Sidewinder Cowl YarnSPINNING TIP:  As you work with combed top, notice one end of the fiber is fatter and stubbier while the other end naturally narrows to a point.  You want to start spinning from the point and spin through your bundles ending each with the stubby end.  This helps keep the colors in a more predictable order as well as makes the spinning a touch easier.

You don’t HAVE to do this, feel free to change things up and spin every which way if you’d like.  I just find it makes for a smoother, more even singles when I do this.

I pick up the stubby end of each split piece of fiber and loosely roll it into a bundle with the pointy end on the outside, ready for spinning.
Sidewinder Cowl YarnSpin yourself a whole bobbin full of singles.  Aim for about 11-12 wpi.  For a good, soft yet sturdy yarn, I spin a mostly woolen yarn.  Don’t keep a super tight pinch on the fiber, let it pull naturally as you draft.  It’s a bit of a balancing act.  You don’t want to pinch too tight as it makes wiry, heavy yarn.  You also don’t want to let the twist escape into the drafting fiber.  Just relax, treadle SLOWER than you normally do and your hands will do their best work with you not even paying attention.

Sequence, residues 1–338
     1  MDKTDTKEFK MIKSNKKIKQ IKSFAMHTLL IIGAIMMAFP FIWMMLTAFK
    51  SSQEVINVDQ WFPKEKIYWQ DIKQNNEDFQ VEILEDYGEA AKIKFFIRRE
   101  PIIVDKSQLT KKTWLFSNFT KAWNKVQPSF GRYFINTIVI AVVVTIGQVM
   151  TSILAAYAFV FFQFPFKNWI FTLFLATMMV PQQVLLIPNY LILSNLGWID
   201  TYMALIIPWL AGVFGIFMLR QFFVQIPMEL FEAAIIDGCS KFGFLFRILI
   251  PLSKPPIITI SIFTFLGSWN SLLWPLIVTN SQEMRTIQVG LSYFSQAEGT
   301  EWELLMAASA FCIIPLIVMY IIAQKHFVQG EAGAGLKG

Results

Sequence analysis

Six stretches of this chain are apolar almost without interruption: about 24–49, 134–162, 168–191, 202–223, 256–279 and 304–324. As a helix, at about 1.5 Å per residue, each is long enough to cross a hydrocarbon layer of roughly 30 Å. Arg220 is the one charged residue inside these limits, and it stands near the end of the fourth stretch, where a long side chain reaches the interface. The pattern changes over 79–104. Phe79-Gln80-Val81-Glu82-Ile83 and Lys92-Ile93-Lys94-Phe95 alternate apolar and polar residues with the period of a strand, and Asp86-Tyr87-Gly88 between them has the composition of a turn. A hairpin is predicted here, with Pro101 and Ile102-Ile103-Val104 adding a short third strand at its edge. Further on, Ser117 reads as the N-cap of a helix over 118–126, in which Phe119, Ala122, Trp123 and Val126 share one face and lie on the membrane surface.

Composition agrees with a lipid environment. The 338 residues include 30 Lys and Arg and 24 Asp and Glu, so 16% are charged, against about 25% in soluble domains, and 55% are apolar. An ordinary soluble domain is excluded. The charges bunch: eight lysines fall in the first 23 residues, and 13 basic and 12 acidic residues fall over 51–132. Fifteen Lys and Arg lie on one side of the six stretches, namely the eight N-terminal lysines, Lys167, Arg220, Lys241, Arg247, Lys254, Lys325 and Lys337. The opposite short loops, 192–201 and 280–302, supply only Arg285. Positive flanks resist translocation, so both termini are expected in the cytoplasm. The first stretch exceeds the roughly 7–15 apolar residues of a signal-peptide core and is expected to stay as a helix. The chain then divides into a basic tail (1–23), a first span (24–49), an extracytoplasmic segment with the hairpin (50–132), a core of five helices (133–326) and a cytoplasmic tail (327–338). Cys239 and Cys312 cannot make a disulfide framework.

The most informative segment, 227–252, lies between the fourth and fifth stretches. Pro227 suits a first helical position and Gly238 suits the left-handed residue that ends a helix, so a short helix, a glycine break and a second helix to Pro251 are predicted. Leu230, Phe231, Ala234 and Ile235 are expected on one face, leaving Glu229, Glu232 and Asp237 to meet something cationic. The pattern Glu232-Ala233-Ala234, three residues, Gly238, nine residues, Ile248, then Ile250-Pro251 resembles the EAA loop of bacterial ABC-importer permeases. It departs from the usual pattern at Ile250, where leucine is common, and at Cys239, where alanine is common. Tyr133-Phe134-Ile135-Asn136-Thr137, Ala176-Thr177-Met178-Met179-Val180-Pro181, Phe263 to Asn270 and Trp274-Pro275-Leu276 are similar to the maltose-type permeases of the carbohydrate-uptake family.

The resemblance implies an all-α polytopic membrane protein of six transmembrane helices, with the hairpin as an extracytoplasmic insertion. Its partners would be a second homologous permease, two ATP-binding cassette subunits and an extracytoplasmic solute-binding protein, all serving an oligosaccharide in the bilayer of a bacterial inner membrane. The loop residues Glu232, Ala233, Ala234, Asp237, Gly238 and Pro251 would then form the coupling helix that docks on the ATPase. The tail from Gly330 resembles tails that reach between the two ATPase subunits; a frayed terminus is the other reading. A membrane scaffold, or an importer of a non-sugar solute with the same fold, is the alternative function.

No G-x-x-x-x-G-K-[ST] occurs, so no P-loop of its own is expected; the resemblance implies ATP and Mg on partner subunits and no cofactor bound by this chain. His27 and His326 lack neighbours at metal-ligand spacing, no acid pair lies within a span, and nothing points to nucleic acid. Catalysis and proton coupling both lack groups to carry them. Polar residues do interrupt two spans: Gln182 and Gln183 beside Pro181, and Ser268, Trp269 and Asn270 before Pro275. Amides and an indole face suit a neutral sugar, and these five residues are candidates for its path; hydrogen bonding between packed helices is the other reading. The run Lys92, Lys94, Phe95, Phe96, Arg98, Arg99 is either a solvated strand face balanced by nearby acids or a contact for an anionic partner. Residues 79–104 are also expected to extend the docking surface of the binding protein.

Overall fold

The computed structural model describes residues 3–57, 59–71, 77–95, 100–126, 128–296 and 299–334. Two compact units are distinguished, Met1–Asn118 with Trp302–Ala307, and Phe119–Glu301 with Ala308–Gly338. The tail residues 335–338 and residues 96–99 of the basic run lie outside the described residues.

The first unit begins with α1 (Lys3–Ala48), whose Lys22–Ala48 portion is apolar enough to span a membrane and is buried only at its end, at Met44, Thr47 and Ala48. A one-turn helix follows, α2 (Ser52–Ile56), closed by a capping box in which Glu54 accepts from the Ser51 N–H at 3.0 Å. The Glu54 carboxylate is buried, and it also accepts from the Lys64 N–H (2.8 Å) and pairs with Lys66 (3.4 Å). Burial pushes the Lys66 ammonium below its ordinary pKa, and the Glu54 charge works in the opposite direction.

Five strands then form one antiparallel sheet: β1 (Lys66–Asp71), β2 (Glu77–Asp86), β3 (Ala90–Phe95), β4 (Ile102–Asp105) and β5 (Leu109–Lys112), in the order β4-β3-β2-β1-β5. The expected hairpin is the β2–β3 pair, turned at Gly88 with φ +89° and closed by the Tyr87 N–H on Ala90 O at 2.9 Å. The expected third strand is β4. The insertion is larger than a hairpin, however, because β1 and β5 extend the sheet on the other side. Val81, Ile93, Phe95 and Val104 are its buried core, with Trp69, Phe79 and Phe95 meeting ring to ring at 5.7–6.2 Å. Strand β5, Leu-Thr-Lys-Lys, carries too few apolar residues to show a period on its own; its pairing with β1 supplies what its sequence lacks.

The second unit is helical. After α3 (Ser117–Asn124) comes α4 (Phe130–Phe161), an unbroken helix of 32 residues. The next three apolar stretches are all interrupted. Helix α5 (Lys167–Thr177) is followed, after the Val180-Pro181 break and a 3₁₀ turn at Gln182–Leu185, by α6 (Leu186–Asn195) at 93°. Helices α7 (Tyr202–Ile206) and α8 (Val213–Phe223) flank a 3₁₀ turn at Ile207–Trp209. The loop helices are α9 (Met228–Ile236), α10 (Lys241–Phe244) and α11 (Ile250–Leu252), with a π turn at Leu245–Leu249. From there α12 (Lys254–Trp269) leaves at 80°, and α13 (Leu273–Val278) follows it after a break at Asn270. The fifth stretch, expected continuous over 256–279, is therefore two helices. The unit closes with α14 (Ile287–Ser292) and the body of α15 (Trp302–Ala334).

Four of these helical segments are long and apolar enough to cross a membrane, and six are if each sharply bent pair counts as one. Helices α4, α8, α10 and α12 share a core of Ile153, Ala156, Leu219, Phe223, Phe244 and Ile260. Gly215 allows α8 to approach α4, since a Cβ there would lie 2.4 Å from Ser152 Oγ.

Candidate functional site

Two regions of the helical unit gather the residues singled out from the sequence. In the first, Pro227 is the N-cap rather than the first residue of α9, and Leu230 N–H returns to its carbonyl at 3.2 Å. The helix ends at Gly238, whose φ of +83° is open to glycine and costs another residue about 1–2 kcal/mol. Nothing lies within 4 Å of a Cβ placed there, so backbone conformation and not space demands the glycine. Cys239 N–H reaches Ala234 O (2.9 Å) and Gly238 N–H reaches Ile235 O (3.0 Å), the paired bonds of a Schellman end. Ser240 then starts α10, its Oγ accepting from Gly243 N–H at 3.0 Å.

Sidewinder Cowl YarnLet your singles sit overnight.  This allows the twist to set a bit and just makes for an easier plying experience.  The next day, use a ball winder and wind the singles into a center pull ball.

Attach both ends of the ball of singles to your leader and begin plying.   Again, treadle SLOWLY, and in the opposite direction your singles were spun.  For example, I always spin my singles in a clockwise, or Z twist direction and ply in a counterclockwise, or S twist direction.

Sidewinder Cowl YarnHOLDING THE BALL OF SINGLES is the most important part of this technique
.  Whichever hand you normally use close to the orifice, set up the same way for plying (for me it’s my left hand).  This hand will regulate the twist and smoothness of the plies as usual.